Another risk in this situation is simply that, especially for liver transplants, he might be immunocompromised now and you don’t want him in a hospital with several other sick people around where he’s likely to catch an infection. And you certainly don’t want that after a liver transplant. Whereas at home he’s in a much cleaner environment and the risk of infection is so much lower.
So, we can set up home care for him at intensivecareathome.com and provide you with 24-hour intensive care nursing that can be overseen by a doctor and then continue weaning at home.
So, I hope that helps.
You should reach out to us on one of the numbers on the top of our website. At your husband’s young age, he should also qualify for some funding, especially if you are, in Australia, but even in other countries with the NDIS (National Disability Insurance Scheme), you should absolutely contact us on one of the numbers on top of our website at intensivecareathome.com or simply send us an email to [email protected].
That’s my quick tip for today.
Also check out our membership for families in intensive care at intensivecaresupport.org.
We also provide medical records reviews for families and patients in intensive care. That’s part of our service too.
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Thanks for watching.
This is Patrik Hutzel from intensivecareathome.com, and I’ll talk to you in a few days.
Now, if you have a loved one in intensive care and you want to go home with our service intensive care at home and if you want to find out how to get funding for our service and how it all works, please contact us on one of the numbers on the top of our website, or send me an email to [email protected] That’s Patrik, just with a K at the end.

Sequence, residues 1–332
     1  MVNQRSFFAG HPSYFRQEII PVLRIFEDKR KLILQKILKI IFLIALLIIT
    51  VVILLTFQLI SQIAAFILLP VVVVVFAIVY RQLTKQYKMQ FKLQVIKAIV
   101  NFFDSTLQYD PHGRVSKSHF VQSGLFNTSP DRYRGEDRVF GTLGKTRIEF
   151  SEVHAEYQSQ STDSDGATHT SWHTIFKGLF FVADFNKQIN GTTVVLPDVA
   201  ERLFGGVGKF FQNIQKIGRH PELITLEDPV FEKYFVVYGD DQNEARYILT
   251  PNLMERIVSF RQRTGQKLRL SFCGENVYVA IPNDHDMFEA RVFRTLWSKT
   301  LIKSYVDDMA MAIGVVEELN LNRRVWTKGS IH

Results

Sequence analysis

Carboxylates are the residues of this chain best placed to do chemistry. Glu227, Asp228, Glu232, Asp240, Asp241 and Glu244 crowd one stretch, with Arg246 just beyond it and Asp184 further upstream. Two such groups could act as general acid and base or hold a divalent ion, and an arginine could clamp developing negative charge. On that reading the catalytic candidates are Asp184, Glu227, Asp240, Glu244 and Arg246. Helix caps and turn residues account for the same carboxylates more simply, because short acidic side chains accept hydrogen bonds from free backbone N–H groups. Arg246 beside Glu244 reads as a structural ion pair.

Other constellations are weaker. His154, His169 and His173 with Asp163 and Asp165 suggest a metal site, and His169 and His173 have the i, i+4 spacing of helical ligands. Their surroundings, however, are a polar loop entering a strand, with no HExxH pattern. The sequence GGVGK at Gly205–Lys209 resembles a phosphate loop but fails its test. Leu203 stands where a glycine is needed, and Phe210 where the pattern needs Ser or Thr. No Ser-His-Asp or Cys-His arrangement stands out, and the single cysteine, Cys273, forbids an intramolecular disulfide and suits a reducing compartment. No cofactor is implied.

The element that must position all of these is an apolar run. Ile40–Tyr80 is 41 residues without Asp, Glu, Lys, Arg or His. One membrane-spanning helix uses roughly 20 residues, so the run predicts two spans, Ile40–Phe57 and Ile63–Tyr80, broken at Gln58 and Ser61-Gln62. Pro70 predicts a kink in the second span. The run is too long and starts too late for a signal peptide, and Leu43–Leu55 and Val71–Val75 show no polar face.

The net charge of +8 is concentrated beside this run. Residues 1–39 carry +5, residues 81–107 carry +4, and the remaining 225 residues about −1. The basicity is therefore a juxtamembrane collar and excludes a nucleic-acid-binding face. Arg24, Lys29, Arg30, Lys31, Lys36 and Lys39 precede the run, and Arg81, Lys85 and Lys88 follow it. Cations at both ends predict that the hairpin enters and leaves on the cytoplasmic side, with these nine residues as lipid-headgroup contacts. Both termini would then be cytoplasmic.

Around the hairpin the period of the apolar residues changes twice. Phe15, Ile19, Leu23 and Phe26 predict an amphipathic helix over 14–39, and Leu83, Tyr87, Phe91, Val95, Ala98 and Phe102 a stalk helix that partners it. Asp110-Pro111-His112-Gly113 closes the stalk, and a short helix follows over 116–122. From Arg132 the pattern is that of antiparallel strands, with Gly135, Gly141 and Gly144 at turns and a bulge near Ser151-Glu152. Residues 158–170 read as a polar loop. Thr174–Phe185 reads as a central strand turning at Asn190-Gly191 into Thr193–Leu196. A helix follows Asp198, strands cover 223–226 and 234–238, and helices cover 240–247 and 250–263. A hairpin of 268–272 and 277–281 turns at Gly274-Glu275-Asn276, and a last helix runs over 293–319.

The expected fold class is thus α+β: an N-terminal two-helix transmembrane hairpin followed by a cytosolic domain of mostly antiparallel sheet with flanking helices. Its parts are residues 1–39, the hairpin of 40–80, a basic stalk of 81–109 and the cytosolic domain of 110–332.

Please also have a look at our case studies because there we highlight more about what we can do for clients, how clients can live at home with ventilation and tracheostomies and you can look at our case studies as well at our service section.
And if you are at home already and you need support for your critically ill loved one at home, and you have insufficient support or insufficient funding, please contact us as well. We can help you with all of that.
And if you are an intensive care nurse or a pediatric intensive care nurse with a minimum of two years, ICU or pediatric ICU experience, and you ideally have a critical care certificate, please contact us as well. Check out our career section on our website. We are currently hiring ICU and pediatric ICU nurses for clients in the Melbourne metropolitan area, Northern suburbs, Sunbury, Bendigo, Mornington Peninsula, Bittern, Patterson Lakes, Frankston area, South Gippsland, Drouin, Warragul, Trida, Trafalgar and Moe as well as Wollongong in New South Wales.
So we are also an NDIS, TAC (Victoria) and DVA (Department of Veteran affairs) approved community service provider in Australia. Also have a look at our range of full service provisions.
Thank you for watching this video and thank you for tuning into this week’s blog.
This is Patrik from Intensive Care at Home, and I’ll see you again next week in another update.